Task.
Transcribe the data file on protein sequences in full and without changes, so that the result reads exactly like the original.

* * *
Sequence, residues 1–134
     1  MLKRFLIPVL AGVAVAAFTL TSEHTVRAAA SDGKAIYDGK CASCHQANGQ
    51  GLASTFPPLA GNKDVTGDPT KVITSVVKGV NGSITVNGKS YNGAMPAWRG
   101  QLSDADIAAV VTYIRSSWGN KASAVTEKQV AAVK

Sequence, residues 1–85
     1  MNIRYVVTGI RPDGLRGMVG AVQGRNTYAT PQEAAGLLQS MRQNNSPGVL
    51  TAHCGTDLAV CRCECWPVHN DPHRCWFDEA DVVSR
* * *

Sequence, residues 1–134
     1  MLKRFLIPVL AGVAVAAFTL TSEHTVRAAA SDGKAIYDGK CASCHQANGQ
    51  GLASTFPPLA GNKDVTGDPT KVITSVVKGV NGSITVNGKS YNGAMPAWRG
   101  QLSDADIAAV VTYIRSSWGN KASAVTEKQV AAVK

Sequence, residues 1–85
     1  MNIRYVVTGI RPDGLRGMVG AVQGRNTYAT PQEAAGLLQS MRQNNSPGVL
    51  TAHCGTDLAV CRCECWPVHN DPHRCWFDEA DVVSR